Lessons from the Pros
The current US job market is messed up.
There are tons of recent graduates who are flocking to graduate schools to procrastinate entering a brutal job market.
Even more are suffering through “internship” after “internship,” mere pawns in the plans of huge companies trying to game the economic system. If one is only hired for half of the year or less, they are a part-time worker and not entitled to the benefits of a full-time worker. Thus the booming internship market, filled with talented recent graduates who are being jerked from one part-time job to the next handling meaningless tasks and struggling to pay off mountains of college debt on $15 an hour max wages.
Companies are essentially arguing that the US education system is a sham, it doesn’t prepare students for the working world. They don’t want the students who have been taught classic literature and how to think outside of the box anymore. They want automatons who can whip a professional-looking powerpoint together in fifteen minutes tops and then use Excel to build a financial model in the next fourty-five minutes.
Most college students choose a liberal arts degree, and no they probably are not ready to create financial models and marketing decks with the flip of a wrist. Instead, they are strong communicators, ready to think outside of the box and challenge the status quo, they want to do bigger things than create 60 powerpoints in 30 days. But…I don’t see why they can’t be ready to do both.
We can’t expect universities to provide job skills training like how to create marketing decks, how to conduct sales calls, or how to create a financial model, and I don’t think we would want them to go down this road either.
The current argument is that this is the role that internships play, but I speak from experience when I say that most internships do not offer the chance to learn many useful skills and instead consist of more the busy work that even entry level employees feel that they are above.
I believe that there is a better solution available for these job market ills. Clearly what we have right now is not working as well as it should be.
I was thinking recently about this problem and tried to think of a job market model that works better, and whether we could somehow statistically compare general job market candidates.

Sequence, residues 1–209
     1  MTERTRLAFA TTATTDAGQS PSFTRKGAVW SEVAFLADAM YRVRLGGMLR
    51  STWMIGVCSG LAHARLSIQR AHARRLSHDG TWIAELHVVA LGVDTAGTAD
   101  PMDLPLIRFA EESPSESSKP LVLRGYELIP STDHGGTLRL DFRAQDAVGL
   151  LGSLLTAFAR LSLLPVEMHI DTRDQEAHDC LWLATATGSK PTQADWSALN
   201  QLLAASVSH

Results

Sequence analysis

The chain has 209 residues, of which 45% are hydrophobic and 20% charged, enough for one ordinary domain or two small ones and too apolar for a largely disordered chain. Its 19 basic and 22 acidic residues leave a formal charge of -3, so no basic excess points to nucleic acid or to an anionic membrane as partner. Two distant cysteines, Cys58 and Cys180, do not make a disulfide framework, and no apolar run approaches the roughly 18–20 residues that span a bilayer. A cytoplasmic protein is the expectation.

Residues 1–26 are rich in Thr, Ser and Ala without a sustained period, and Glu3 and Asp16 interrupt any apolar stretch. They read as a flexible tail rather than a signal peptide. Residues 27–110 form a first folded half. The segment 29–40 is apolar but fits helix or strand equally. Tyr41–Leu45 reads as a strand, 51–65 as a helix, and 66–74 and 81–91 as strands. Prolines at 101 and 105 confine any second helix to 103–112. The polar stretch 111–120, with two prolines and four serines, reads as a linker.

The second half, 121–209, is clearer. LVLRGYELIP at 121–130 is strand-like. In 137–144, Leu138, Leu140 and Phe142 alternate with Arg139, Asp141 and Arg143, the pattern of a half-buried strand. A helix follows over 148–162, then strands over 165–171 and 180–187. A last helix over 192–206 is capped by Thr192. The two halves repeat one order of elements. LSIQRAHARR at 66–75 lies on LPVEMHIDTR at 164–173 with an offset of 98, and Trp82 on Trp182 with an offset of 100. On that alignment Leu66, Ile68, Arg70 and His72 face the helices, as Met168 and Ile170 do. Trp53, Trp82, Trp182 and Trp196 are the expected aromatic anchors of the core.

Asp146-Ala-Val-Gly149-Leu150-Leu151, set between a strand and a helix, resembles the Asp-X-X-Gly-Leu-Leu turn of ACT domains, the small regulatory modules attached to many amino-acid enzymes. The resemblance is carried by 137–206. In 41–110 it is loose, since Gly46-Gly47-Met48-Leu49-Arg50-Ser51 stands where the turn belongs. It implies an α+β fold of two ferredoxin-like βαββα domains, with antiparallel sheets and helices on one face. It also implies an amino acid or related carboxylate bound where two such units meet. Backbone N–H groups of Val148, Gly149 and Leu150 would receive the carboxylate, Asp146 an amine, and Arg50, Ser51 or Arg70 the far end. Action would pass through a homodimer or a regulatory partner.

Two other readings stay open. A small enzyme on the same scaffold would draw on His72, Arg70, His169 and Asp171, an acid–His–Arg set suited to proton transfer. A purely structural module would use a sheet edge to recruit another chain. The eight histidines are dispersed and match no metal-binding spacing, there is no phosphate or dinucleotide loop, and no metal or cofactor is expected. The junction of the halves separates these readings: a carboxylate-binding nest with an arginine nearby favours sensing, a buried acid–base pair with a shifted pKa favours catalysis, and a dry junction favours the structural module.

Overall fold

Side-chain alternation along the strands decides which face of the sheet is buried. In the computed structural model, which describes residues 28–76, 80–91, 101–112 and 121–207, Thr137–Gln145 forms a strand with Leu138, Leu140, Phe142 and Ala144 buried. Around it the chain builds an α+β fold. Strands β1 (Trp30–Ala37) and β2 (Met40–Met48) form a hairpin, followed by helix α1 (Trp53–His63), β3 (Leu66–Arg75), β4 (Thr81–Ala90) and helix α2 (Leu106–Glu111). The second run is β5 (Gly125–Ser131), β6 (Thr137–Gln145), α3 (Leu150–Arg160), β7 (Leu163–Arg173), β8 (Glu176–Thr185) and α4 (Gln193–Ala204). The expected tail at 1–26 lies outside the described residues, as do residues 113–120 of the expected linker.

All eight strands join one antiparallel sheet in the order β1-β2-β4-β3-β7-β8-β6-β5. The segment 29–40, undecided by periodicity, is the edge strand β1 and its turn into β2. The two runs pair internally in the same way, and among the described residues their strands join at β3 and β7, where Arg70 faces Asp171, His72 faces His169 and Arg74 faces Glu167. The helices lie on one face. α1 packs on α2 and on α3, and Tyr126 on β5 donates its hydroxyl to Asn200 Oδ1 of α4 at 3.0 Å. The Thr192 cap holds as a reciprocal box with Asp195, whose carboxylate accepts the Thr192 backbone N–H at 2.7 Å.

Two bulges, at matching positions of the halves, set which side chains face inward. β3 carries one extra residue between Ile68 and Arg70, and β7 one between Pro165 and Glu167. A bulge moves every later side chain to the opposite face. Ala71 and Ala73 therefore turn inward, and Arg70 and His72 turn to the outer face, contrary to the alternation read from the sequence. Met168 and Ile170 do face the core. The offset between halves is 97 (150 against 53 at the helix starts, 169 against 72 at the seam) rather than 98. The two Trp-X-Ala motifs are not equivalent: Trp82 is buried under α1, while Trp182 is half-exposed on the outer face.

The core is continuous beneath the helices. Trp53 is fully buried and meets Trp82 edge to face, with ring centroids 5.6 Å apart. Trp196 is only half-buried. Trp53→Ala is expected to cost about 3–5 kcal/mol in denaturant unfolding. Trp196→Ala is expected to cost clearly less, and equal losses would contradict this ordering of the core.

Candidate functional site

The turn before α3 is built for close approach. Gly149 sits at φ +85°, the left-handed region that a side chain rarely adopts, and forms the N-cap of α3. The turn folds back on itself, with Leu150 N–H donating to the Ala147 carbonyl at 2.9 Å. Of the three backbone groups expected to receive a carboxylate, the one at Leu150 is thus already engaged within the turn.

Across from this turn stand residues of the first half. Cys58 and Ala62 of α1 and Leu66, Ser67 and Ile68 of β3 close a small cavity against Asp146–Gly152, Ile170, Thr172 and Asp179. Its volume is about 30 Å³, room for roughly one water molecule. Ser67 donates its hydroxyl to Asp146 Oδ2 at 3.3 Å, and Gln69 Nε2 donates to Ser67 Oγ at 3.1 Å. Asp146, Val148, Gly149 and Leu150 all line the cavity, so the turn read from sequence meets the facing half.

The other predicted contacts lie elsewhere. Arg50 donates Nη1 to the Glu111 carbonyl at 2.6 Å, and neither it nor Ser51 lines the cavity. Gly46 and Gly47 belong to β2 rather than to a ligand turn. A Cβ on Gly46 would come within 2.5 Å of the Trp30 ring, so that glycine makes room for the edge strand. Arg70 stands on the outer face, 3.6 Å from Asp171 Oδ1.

The best examples of efficient, comparable job markets (although also not perfect) I could think of were professional sports markets. These professional players, while in college, were simultaneously attending classes and participating in events that directly measured skills they weren’t learning in the classroom (hitting baseballs, throwing footballs, making free throws, etc.). Additionally, they routinely spent their summers in front of scouts, competing against their peers or attending camps to improve their skills.
Currently, there isn’t a good method for comparing regular job candidates outside of resumes and cover letters. But, imagine if these candidates were challenged every summer against their peers to create timely and interesting journalism pieces or value companies and pitch an investment strategy? I’m fairly certain that if these types of competitions and camps existed not only would employers send their HR “scouts” to watch, but performance metrics could evolve to compare candidates as well.
These camps and competitions would give the candidates huge challenges at which most would probably fail, but it’s precisely these sorts of challenges that keep them coming back for more and give them the incentive to practice what they have learned at home and at school.
Now the material that these students are learning in school has an additional dimension. Students are actively thinking how can this class be leveraged to help me succeed in the future, not just how can I breeze through college and graduate with a reasonable GPA.
Resumes, transcripts, cover letters, and interviews would all still have their place in this system, it would just be one of diminished value. Professional football teams still evaluate players based on their college careers, life off the field, personalities, etc. but the combine and college pro days give scouts another metric by which to evaluate candidates. It gives them a chance to find some diamonds in the rough, and to test all candidates on an open field, not restrained by what conference in which they played, what system in which they played, etc.
Resumes and cover letters are an old, dated, inefficient method. Moneyball has shown us the power of using statistics to evaluate performance rather than traditional, “soft” measures. It’s time that the rest of the world caught up with the world of sports and adopted to the new era of performance evaluation.
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